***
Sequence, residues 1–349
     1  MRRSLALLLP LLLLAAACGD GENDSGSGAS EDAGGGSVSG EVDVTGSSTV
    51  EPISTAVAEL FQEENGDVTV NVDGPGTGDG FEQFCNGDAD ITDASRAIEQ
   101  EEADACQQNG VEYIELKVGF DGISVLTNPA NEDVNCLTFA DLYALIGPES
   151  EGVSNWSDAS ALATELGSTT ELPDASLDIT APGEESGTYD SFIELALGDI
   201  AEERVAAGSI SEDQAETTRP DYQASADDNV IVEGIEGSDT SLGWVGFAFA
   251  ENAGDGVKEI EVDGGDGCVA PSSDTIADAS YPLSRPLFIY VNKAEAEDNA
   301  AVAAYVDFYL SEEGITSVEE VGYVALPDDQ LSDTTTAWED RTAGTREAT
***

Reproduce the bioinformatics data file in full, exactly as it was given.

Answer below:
Sequence, residues 1–349
     1  MRRSLALLLP LLLLAAACGD GENDSGSGAS EDAGGGSVSG EVDVTGSSTV
    51  EPISTAVAEL FQEENGDVTV NVDGPGTGDG FEQFCNGDAD ITDASRAIEQ
   101  EEADACQQNG VEYIELKVGF DGISVLTNPA NEDVNCLTFA DLYALIGPES
   151  EGVSNWSDAS ALATELGSTT ELPDASLDIT APGEESGTYD SFIELALGDI
   201  AEERVAAGSI SEDQAETTRP DYQASADDNV IVEGIEGSDT SLGWVGFAFA
   251  ENAGDGVKEI EVDGGDGCVA PSSDTIADAS YPLSRPLFIY VNKAEAEDNA
   301  AVAAYVDFYL SEEGITSVEE VGYVALPDDQ LSDTTTAWED RTAGTREAT